If readers find the financial concept boring, see if you like the following version better.
Financial model is kind of like digital visuals, in producing meaning from the underlying landscape for us to interpret. Within the process of interpretation, each individual make 'sense' through our lens of history and cultural (economic) stance. In visual media, our interpretation is all personal as everyone sees thing differently. I think it is also applied in financial modelling. There aren't necessarily a 'correct' view, only collective stance.
As we have witnessed, the collective view doesn't represent the "true" picture. In the case of financial world, it is the massive default of mortgage pool. Collective view merely represents a group of think-alike (not necessary believers) in describing their understanding of picture, with degree of comfort and probability-reasoning (a.k.a. correlation).
What's next. They want power control over the rest of community (of how picture should be viewed and interpreted), and they want to make money out of it. So they starts formalising their interpretation into de facto standard, kind of like the proprietary format for digital visuals. By now readers should be able to tell what's followed (read more).
As for the rest of the community, some have joined the proprietary club and others (mostly the poor and the realist) don't. But ultimately none of us is intact after the fall, as everyone is connected to the digital world.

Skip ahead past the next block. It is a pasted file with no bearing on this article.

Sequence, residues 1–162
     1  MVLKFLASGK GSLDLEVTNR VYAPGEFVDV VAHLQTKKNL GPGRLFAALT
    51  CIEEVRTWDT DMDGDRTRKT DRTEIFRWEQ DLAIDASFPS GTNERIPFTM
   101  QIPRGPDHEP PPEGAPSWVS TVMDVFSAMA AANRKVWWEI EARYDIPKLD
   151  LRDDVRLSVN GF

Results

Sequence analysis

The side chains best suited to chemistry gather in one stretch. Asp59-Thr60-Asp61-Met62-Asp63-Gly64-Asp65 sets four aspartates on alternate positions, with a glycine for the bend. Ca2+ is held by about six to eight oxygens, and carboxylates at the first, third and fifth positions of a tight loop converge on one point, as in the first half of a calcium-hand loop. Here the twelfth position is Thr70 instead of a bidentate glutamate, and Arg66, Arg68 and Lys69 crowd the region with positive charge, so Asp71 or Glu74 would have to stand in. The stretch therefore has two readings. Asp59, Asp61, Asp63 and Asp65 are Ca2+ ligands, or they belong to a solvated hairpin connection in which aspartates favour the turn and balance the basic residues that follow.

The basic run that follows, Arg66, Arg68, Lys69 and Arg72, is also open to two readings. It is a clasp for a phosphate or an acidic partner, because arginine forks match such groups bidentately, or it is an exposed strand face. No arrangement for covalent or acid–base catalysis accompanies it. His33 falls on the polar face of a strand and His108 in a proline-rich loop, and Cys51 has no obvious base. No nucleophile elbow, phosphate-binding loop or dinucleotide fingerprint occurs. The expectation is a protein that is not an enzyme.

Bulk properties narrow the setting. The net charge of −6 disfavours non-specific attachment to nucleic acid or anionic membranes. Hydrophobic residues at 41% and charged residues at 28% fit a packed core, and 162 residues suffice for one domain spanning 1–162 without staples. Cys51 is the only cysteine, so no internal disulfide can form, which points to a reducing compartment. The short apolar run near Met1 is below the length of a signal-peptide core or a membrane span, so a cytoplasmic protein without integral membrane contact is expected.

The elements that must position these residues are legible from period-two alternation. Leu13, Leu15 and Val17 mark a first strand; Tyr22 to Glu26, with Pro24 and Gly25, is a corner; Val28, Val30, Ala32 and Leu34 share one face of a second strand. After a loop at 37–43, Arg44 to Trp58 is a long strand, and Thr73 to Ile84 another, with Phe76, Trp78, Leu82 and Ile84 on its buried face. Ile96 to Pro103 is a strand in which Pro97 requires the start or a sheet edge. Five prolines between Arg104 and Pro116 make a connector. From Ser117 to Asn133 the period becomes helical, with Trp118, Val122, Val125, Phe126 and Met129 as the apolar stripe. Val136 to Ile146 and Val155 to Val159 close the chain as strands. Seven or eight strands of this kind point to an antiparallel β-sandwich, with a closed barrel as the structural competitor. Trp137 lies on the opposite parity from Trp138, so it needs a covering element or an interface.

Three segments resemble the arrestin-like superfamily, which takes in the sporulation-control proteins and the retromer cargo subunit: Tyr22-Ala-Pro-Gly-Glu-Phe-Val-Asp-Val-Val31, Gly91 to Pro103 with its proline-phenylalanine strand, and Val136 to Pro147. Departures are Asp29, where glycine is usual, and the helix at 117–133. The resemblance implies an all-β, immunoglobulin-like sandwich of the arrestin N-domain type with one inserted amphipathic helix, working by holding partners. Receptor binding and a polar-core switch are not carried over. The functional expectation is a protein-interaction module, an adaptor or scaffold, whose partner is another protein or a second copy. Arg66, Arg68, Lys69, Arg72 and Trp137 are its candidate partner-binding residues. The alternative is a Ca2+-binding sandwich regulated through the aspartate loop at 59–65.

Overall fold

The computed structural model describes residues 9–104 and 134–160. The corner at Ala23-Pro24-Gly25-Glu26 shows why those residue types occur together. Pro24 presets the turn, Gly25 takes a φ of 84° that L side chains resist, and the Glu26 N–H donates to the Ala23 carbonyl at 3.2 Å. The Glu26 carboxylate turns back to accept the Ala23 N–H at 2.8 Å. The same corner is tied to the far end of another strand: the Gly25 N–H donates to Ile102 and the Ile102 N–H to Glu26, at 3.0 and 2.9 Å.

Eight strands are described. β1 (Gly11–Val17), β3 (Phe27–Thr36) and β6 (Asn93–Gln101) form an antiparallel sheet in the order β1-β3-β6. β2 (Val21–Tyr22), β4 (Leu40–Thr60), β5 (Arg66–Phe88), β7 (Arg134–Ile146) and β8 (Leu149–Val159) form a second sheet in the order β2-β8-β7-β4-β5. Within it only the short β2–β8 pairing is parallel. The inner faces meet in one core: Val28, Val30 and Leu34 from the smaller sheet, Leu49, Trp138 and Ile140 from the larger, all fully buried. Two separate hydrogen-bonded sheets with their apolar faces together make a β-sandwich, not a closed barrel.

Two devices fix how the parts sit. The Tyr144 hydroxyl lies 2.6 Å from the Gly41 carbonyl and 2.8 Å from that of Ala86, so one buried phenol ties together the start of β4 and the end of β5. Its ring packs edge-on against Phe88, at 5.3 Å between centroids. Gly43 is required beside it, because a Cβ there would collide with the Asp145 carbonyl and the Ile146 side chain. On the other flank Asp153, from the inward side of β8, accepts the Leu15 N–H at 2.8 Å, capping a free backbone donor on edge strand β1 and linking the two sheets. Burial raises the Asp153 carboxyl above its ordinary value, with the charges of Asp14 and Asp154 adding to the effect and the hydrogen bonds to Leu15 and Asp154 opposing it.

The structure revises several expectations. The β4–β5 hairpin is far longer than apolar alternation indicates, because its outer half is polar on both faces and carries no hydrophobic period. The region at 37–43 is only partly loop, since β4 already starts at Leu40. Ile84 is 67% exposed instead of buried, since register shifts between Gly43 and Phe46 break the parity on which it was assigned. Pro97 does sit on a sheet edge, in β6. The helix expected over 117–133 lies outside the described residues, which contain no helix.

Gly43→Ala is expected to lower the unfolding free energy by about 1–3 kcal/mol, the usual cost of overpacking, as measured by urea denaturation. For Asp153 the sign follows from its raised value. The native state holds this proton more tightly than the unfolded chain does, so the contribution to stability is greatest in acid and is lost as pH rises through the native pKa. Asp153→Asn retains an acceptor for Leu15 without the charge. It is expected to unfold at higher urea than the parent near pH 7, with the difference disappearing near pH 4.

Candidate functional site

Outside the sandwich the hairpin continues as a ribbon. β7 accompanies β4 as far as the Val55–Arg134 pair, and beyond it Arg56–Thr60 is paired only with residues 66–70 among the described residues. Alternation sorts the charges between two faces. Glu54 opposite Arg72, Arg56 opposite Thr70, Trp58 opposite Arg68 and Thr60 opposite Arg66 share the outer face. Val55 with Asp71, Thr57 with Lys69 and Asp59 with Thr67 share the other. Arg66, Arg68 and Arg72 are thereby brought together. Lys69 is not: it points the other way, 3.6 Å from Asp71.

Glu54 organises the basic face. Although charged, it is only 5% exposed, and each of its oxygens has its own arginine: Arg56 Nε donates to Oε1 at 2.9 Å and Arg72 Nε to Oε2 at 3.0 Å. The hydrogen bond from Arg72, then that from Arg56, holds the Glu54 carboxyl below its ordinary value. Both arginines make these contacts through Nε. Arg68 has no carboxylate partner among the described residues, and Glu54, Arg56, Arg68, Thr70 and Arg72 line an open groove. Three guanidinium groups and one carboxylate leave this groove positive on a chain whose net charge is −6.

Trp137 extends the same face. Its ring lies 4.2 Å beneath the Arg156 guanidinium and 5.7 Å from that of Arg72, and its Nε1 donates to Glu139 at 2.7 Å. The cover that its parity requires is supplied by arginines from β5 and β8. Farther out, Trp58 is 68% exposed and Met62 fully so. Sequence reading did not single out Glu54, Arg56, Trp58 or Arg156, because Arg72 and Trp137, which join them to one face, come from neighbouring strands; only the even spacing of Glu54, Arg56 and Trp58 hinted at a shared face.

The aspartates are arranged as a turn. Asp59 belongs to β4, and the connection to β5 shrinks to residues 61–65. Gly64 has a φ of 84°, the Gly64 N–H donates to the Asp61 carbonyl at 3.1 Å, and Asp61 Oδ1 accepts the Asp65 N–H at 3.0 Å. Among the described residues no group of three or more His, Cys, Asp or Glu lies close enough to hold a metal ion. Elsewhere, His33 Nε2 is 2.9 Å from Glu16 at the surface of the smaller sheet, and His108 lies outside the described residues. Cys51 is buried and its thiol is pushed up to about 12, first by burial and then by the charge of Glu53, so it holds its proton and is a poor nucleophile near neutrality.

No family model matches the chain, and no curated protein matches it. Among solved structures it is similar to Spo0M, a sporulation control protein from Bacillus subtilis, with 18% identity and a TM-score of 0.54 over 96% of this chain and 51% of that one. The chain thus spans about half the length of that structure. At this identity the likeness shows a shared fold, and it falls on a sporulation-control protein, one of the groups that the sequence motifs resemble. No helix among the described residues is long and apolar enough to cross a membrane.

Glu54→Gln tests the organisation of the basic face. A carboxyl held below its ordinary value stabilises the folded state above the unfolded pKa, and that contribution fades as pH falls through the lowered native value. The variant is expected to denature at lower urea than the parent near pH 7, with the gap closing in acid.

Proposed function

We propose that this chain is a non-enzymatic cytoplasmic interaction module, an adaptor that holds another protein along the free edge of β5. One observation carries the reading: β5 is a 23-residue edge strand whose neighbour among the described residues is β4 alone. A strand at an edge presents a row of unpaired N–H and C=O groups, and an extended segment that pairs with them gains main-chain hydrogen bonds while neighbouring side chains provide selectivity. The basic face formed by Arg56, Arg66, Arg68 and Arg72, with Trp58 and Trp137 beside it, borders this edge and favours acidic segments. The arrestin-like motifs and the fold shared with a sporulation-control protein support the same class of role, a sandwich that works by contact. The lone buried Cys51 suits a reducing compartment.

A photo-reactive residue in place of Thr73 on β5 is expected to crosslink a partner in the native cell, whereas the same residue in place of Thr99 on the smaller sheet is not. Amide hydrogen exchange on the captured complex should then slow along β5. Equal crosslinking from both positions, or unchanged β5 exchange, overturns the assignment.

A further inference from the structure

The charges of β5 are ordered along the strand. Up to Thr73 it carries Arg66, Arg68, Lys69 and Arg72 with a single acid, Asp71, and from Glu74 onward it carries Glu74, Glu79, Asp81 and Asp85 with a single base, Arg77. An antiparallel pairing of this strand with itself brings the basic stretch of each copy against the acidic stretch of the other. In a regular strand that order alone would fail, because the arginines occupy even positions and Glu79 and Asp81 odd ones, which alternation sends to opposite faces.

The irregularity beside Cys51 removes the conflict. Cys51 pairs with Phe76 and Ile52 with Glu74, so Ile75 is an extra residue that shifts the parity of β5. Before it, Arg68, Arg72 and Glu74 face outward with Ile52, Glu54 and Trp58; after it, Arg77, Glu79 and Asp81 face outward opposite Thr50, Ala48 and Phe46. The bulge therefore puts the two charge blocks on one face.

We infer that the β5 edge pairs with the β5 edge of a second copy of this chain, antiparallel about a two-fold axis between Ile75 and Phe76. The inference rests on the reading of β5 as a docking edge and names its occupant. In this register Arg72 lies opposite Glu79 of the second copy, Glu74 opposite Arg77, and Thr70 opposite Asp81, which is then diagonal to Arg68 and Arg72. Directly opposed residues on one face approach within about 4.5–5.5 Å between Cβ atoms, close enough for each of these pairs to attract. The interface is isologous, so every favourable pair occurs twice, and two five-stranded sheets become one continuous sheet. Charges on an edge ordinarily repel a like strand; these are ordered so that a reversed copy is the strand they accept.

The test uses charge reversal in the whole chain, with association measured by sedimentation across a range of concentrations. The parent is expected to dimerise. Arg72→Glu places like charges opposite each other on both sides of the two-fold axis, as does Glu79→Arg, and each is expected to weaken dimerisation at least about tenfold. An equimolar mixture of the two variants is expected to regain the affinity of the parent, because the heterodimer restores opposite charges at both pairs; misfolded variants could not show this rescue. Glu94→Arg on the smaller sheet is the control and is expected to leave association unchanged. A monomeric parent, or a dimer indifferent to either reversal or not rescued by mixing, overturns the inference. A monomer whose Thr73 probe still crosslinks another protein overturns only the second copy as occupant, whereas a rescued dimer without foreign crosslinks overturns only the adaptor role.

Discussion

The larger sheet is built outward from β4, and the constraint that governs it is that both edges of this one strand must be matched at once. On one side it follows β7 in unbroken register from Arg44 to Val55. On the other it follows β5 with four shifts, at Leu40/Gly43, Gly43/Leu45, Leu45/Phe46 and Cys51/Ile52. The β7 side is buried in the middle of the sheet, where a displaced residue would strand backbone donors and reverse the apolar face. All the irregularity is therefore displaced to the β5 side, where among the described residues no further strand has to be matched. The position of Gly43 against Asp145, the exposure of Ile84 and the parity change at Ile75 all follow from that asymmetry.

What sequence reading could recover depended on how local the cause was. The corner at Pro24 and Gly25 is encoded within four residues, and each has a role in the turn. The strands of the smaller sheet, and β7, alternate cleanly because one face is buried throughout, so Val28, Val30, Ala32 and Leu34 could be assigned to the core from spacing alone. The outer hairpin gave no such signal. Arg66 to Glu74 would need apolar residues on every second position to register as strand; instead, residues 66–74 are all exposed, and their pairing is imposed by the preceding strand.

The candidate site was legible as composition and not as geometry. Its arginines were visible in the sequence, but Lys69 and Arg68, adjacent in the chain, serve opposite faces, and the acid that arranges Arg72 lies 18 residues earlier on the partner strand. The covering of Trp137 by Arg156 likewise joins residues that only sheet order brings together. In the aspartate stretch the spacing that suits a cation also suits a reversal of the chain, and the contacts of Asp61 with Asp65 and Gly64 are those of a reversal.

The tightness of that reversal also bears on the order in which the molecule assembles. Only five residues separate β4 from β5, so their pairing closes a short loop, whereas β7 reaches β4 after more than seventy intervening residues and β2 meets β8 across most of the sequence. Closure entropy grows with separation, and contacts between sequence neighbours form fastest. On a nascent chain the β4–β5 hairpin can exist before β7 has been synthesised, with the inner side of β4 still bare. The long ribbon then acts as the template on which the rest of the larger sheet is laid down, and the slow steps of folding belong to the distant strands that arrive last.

Wednesday, January 14, 2009
One night while watching TV (pressing and switching channels to be more precise), the '6 billion Others' clip shows up. In case you have not heard of it before, here is the web link.
A close-up of a black woman (not sure her origin) has said the following: "I don't pay much attention to the technology and its benefit because I don't get to enjoy them anyway. But I am interested in the person who is using the technology turns into".
Her opinion sounds to me more like a critique. She points out, on one hand, the irony of inventing technology and the digital disparity against the poor. And for those of us who gets to use the technology (work or personal), are we utilise it in such a way to make things better for everyone.
Make no mistake. I'm pro technology. It extends our body and mind, while lowering the barriers of time, space and communication. On a personal standpoint, it is just fascinating to see how different culture adopt technology in their context (perhaps in later blog).
The impact of technology could be equally damaging, if we use it for self-driven motive. For evidence look no further than the current financial crisis. When we empower to after individual (corporate) gain ahead of our community, greed will eventually take over and (with technology) causing financial damage beyond physical time and space allowed.
A quiz. Who are the 'winners' from this financial tsunami?
The irony emerges when the poor who do not have access to technology nor any money to invest are better off, at least initially.